University of San Diego

San Diego Journal of Climate & Energy Law


Erin Hudak

Library of Congress Authority File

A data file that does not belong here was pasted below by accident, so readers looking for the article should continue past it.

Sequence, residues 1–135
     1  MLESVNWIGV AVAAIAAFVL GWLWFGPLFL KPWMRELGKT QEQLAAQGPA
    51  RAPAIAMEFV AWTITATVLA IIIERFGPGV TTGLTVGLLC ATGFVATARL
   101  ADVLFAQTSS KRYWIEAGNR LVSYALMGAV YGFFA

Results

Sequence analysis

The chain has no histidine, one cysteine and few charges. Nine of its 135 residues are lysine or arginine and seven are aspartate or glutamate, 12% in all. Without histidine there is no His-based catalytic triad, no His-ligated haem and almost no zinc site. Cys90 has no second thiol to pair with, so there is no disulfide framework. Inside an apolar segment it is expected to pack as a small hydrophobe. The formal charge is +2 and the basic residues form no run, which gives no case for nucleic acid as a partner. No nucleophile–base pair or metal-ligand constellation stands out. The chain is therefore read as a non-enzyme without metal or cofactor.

The effects of climate change are becoming more and more obvious every year, evidenced by extreme weather events, rising sea levels, and increased global temperature. In an effort to mitigate the damage caused by greenhouse gases, California Governor Gavin Newsom announced a goal to have all new passenger vehicles sold in California be Zero-Emission Vehicles (“ZEVs”) by 2035. This Article explores the possible legal issues that California’s ZEV mandate faces now and may face in the future. First, California will likely face a federal preemption challenge under the Clean Air Act. Second, the California Air Resources Board’s authority to mandate ZEVs may be challenged under California administrative law. Third, assuming the ZEV mandate passes both federal and state scrutiny, the ancillary building codes associated with ZEV charging may lead to legal challenges at the municipal level. This Article explores the legal arguments that will likely be presented by both opponents and proponents of the ZEV mandate if any of these issues are brought to court.